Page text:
Hopefully there is a better name out there for this trick, but for the moment we’ll stick to the descriptive version. Essentially this is a pop trick, but a subtle drifting up of the kite is more than acceptable to ease you into it. For those of you confident with your toe side edge this is a great trick and an inspiring step on from the toe side pop to blind which is a good prerequisite as you need both a decent pop from your toes and the blind that very same side. If this will be a first let us recommend again that it will be easier to pop from your strong toe side to a new and unvisited blind rather than try and pop from your weaker toe side. Popping well from your pinkies is the key here.
To pop from your toes we need two things, speed and a good solid edge. With the board fizzing over the water it’ll be a doddle to get it up and you’ll have momentum when you get it around. Looking at Pic A. you can see Christian pre pop. First off Christian has his bar trimmed in close so that he can get an aggressive edge and hold the power with two hands without being pulled up onto the board. This way he can turn his head and shoulders away from the kite and stand up onto his toes, hips forward, driving the board between him and the kite. Christian has shifted his weight back on the board ready to pop, as this will help him add tension to the lines by edging harder. However if you need more speed you must keep the front knee bent and the board trimmed flat before shifting your weight back.
The theory behind popping is much the same as from heel side – once you have enough speed, carve up hard and stamp off the back foot. However bearing away and then carving up from toe side is no simple task, so for the same sort of effect shifting your weight back will dig the tail in and turn the board upwind on its rocker. The trick is to be quick, shift your weight back and stamp – wait and you’ll loose your speed and nothing will happen. In Pic B. Christian has leant his weight back and simultaneously drifts the kite up slightly from 11 o’clock to give himself a bit more lift whilst stamping down hard by explosively straightening his back leg. As he pops up he turns his head and shoulders down and around, initiating the front roll.
As with any front roll from toe side the rotation will be quick as the pull on the harness whilst toe side accelerates the movement. This is handy, as you’ll need to spin quickly to allow for the extra twist to blind. Aim to keep two hands on the bar until you are coming around the first 360˚, as this will keep you more upright and lead to a smoother landing. Looking at Pic C. as Christian reaches this point you can see that he is leading with the head. This is important, as he will know when to initiate the blind once he spots his landing. Christian also has his knees bent and board up to help encourage a quick rotation and he keeps the bar in for that little bit of extra float. As he focuses on where he’ll land he releases his back hand, turning his head and shoulders down and around under the bar so that he can get his body around to blind whilst the board is leading. This way the board will be beneath him and ready for touch down.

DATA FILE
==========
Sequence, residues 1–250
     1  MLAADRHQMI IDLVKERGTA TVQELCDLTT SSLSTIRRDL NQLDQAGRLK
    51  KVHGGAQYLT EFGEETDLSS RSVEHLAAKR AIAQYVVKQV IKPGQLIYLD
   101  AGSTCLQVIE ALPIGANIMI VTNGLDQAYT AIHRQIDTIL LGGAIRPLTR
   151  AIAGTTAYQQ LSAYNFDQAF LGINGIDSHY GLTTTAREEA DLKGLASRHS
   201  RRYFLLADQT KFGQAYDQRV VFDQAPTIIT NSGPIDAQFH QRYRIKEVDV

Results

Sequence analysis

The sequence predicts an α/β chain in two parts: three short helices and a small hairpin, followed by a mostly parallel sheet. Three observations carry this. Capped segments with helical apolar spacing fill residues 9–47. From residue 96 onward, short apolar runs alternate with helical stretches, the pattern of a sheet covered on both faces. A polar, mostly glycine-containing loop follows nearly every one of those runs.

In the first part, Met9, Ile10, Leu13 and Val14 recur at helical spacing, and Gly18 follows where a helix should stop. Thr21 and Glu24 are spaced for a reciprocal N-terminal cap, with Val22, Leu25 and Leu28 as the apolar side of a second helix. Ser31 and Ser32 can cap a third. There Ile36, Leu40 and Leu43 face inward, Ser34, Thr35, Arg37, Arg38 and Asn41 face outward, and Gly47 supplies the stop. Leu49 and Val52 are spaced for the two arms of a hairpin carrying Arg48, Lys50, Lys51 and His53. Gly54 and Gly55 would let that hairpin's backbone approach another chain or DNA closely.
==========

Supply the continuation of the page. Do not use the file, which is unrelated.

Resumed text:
As a result of turning his head and shoulders down we can see in Pic D. that Christian has “thrown” the blind. As he drops his feet and board are leading the way. Whilst turning, Christian tweaks the kite down by pulling gently on his front hand. This will guarantee a bit more speed and forward momentum for the Ole, and is necessary if you sneak the kite up for take off.
As with all things Ole or pass you’ll need to land blind on a flat board heading at least a tiny bit downwind towards the kite. This way you’ll have no tension on the lines and so the Ole should be a walk in the park. Pic E. Christian lands upright over his flat board, having thrown the blind enough to land slightly off the wind. Try to keep your head up, as this will prevent you from breaking too much at the waist, which can in turn force weight onto your toes and put tension on the lines! If anything you want to be leaning on your heels. Landing this way the lines will be slack and therefore the bar will be close to you, not twisted around leading the way and pulling you over.
Landing upright on a flat board heading towards your kite sets you up perfectly for the grand finale, the Ole. Pic F. Standing over his board Christian can now push the bar upwind and around in front of him, so that the blind miraculously transforms back into toe side. Once the bar is across get both hands back on it, sheet in and ride off with a hefty grin on your face.
Speed, flat water and a relatively high kite will all help. Trimming your bar is mandatory, as this will both enable a good two-handed toe side and an easy Ole. Be sure to pop against the kite into the front roll, as this early tension leads to the necessary slack later on.
Follow the Sequence and Videos for a step by step and visual guide.
If you’re not getting enough pop from toe side try sailing more across the wind before dropping your weight back and popping.
If the kite is falling out of the sky as you land make sure that you are both popping hard into the front roll and that you give the bar a tweak forward to keep the kite from drifting too far up.
If you slide under the kite on landing try throwing your blind more aggressively by turning your head and throwing your free hand around.
If you’re getting pulled over and catching your heel side edge you’re not landing enough downwind.
If you can’t Ole and the kite pulls you over your edging on your toes whilst blind, so bake sure your weight is on both your feet, biased towards your heels.
- Speed on your toe side edge
- Change weight to back of board and quick pop into fast rotation
- Release back hand after 360˚to throw blind
- Tweak kite forward
- Land flat and downwind
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This technique article was in Issue 42 of IKSURFMAG.